Siobhan Senier Begins Full Term Hayes Chair

Siobhan Senier Begins Full Term Hayes Chair

Wednesday, October 03, 2012

This story first appeared in the fall 2012 Center for Humanities newsletter.

Siobhan SenierIn September, Siobhan Senier, associate professor of English, began a full-term appointment as the James H. Hayes and Claire Short Hayes Professor of the Humanities, commonly known as the Hayes Chair. Through the end of academic year 2016, Senier will continue her work on the literature and culture of Native people in New Hampshire and throughout New England.

“In 2011, New Hampshire convened the first Commission on Native American Affairs to recognize and promote the historic and cultural contributions of Native Americans to the state and to further the needs of New Hampshire’s Native American community through state policy and programs. So this is an auspicious moment for UNH, as the state’s flagship university,” says Senier, “and for me, as a scholar of Native American literature, to shore up our commitments to teaching and scholarship about the indigenous Granite State.”  

In an effort to promote the visibility of the Hayes Chair, two one-year appointments were awarded to Senier and to Associate Professor of History Cynthia Van Zandt for 2010 and 2011 respectively. During 2010, the Hayes appointment allowed Senier to complete her book “Dawnland Voices: Writings from Indigenous New England” (forthcoming from the University of Nebraska Press) and to inaugurate the Indigenous New England Conference.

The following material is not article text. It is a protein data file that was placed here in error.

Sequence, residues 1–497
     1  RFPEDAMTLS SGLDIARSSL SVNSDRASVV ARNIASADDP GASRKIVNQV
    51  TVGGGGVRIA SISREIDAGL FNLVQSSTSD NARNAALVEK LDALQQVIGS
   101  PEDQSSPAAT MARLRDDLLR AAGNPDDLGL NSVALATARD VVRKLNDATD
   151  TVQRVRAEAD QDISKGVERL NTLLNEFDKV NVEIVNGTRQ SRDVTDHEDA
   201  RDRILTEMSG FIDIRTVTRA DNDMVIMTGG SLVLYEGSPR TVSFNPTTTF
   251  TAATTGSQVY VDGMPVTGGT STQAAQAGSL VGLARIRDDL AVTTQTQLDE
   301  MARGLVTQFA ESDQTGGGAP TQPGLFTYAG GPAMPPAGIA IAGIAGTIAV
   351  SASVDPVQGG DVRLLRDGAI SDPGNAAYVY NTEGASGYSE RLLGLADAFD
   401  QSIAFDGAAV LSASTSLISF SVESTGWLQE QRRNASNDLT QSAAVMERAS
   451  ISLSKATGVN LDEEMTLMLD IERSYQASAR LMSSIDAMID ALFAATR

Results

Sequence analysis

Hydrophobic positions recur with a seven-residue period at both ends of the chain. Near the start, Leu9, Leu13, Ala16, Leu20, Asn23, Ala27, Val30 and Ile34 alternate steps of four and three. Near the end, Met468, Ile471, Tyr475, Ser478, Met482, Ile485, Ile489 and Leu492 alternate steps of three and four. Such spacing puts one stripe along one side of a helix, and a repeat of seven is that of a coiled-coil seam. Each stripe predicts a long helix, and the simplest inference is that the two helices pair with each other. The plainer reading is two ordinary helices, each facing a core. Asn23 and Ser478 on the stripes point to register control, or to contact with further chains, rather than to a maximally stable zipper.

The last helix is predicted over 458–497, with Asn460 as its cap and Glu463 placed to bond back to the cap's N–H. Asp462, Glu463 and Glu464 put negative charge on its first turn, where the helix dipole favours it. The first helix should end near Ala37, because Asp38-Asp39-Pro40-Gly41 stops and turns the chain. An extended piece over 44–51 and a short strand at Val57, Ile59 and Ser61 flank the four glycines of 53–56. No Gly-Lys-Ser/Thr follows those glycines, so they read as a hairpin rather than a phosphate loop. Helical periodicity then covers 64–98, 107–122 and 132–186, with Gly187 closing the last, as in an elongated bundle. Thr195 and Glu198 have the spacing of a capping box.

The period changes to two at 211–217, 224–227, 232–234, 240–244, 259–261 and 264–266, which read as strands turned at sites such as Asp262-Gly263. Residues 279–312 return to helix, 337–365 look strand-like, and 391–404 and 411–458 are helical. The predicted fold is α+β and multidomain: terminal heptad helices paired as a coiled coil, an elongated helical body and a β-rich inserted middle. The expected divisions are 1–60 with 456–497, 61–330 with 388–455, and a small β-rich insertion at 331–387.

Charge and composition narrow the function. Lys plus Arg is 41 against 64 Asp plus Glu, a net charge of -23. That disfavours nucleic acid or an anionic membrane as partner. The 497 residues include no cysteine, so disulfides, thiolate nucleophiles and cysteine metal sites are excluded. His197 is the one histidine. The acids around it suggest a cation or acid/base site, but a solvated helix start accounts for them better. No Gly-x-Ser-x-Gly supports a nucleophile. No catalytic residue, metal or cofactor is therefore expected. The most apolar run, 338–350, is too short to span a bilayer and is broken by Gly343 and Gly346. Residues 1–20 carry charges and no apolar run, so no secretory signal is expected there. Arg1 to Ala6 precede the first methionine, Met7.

“The Chair also allowed me to pursue complementary interests in digital archives and digital humanities,” Senier says. “I found that of the six New England states, New Hampshire is perhaps the least cognizant of its Native people, both historically and presently. I also discovered that online literature and culture are proving especially powerful in making indigenous people everywhere more visible and audible.”

Senier’s goals over her tenure as Hayes Chair include building an interactive digital archive of NH indigenous writing, producing podcast interviews of Native people about their relationship to places and events around the state, and linking the archive and podcast to an online New Hampshire Native History Trail. She also intends to sustain the Indigenous New England Conference with a special focus on New Hampshire scholarship and teaching and to work toward her next book.  

“New Hampshire presents unique challenges for Native American Studies scholars,” Senier says, “and I am grateful that the Hayes Chair provides an equally unique opportunity to meet these challenges.”  

The late James H. Hayes, a generous UNH alumnus and a successful New Hampshire businessman and civic leader, was fiercely devoted to New Hampshire politics and traditions. He established the James H. Hayes and Claire Short Hayes Professor of the Humanities to be a focal point at UNH for New Hampshire’s history, culture and government. Professor Emeritus Charles Clark (History) was the first Hayes Chairs. Previous recipients include: David Watters, professor of English; Jeff Bolster, associate professor of history; and Nina Glick Schiller, professor of anthropology.